Download A Discourse on the Method (Oxford World's Classics) by René Descartes PDF

By René Descartes

"I concluded that i used to be a substance whose complete essence or nature is living simply in pondering, and which, so one can exist, has no use of position and isn't depending on any fabric thing.'

Descartes's A Discourse at the approach to properly accomplishing One's cause and looking fact within the Sciences marks a watershed in eu proposal; in it, the writer presents an off-the-cuff highbrow autobiography within the vernacular for a non-specialist readership, sweeps away all prior philosophical traditions, and units out in short his radical new philosophy, which starts off with an evidence of the life of the self (the recognized 'cogito ergo sum'), subsequent deduces from it the lifestyles and nature of God, and ends by means of providing a thorough new account of the actual global and of human and animal nature.

Readership: scholars of philosophy, glossy Western philosophy, the Englightenment, seventeenth-century background, the historical past of notion, sleek languages

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Additional info for A Discourse on the Method (Oxford World's Classics)

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These were enshrined (as was then the practice) in the preamble to the document, which was signed in the king’s name on  May : Given that discovery in the sciences and the arts, accompanied by demonstrations and applications, is a product of superior minds, this has caused princes and states to receive inventors with every sort of gratification, so that their states might become more flourishing as a result of their discoveries. So it is that our well-beloved Descartes made it known to us that by long study he has come across and demonstrated many useful and beautiful things previously unknown in the human sciences, which touch on various arts and the ways of applying them .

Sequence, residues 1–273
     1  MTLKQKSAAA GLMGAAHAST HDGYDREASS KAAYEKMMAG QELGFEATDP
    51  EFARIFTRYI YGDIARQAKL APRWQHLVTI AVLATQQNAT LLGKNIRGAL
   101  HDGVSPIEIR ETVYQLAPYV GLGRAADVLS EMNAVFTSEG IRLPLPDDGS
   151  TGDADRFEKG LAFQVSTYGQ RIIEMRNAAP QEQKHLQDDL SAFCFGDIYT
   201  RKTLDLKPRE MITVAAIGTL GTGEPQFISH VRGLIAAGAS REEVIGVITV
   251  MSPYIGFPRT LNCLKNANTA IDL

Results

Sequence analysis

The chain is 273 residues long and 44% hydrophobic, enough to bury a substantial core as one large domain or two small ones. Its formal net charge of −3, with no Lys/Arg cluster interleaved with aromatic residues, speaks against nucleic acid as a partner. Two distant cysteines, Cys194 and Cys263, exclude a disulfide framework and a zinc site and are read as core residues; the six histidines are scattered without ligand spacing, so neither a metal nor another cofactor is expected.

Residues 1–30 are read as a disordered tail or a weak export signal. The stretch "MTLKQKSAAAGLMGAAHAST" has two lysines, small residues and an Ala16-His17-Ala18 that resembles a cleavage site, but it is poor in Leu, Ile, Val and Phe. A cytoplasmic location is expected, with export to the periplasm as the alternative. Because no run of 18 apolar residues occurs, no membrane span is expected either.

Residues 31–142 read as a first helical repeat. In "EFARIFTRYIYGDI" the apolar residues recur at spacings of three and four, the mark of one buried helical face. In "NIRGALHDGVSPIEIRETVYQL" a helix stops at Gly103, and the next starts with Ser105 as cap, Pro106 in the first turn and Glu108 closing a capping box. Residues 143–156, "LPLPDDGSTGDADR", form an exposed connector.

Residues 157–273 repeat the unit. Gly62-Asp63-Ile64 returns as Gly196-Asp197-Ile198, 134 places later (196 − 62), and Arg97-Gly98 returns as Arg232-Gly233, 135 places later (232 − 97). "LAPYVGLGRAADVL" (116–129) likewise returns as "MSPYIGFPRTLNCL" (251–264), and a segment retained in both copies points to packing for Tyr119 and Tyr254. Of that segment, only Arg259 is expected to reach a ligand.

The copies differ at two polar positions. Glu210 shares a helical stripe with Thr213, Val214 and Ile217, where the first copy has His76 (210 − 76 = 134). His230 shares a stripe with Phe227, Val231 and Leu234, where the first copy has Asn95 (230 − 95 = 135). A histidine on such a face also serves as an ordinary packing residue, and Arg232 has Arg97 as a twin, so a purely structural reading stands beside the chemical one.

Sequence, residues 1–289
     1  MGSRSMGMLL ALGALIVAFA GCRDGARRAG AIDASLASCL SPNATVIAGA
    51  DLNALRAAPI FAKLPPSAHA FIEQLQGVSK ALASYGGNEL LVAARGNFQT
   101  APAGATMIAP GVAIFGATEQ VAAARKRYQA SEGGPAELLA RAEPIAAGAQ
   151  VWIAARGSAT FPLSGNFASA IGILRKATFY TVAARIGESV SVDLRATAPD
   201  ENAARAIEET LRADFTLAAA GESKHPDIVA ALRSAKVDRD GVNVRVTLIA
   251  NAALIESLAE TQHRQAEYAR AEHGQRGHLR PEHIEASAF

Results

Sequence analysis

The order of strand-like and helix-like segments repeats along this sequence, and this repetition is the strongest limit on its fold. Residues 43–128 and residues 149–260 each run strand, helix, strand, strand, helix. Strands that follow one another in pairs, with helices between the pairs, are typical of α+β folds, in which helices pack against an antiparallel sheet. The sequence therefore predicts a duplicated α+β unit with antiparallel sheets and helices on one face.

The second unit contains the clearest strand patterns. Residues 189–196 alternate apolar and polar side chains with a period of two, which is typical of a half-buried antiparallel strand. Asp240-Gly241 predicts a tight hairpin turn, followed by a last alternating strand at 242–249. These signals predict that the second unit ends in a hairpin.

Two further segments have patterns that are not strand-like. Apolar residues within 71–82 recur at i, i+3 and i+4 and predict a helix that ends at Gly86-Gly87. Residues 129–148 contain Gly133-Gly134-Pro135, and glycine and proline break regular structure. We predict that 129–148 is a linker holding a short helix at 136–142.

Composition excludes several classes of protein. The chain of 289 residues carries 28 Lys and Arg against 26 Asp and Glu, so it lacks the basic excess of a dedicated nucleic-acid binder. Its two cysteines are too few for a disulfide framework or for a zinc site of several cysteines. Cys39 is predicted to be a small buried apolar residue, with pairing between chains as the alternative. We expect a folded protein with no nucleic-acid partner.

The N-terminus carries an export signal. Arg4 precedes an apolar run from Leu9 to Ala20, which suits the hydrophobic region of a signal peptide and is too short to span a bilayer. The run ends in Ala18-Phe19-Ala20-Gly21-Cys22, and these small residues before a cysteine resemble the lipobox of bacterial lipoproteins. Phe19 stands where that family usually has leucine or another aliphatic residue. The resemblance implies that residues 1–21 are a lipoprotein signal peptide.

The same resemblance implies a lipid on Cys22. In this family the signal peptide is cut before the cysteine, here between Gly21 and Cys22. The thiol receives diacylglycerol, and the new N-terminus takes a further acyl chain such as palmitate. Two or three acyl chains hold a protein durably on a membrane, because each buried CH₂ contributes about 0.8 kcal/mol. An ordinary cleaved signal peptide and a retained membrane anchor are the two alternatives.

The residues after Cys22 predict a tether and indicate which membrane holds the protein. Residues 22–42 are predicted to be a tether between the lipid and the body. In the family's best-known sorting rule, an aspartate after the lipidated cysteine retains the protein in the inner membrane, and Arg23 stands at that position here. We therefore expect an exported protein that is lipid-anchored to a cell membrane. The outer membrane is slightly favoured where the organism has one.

The famous opening remark of the Discourse about ‘good sense’ and its equal distribution strongly suggests that what he is going to say will be accessible to all; but the introduction to the essay entitled Geometry makes the dual nature of his readership explicit: ‘Up to this point I have tried to make myself understood to everyone; but, with regard to this treatise, I am afraid that it cannot be read except by those who already know what is to be found in the books of geometry; for, given that they contain so many well-proven truths, and thinking that it would be superfluous to repeat them, I have not failed to make use of them’ (AT .

According to one source, Le Maire’s edition was not even sold out at the time of Descartes’s death; but the Latin version, which appeared with Descartes’s blessing in , was eagerly purchased by the scholarly community throughout Europe, and was a commercial success. Le Maire himself was to publish the Geometry in Latin in , which may well have given him a better return on his investment than did the Discourse. 31 The Discourse As has already been intimated, and will become even clearer below, Descartes did not envisage a single readership for his book; it was explicitly aimed at both his ‘scientific’ and philosophical colleagues, and a broader constituency of more or less well-educated men and women with an interest in the intellectual life of their day.

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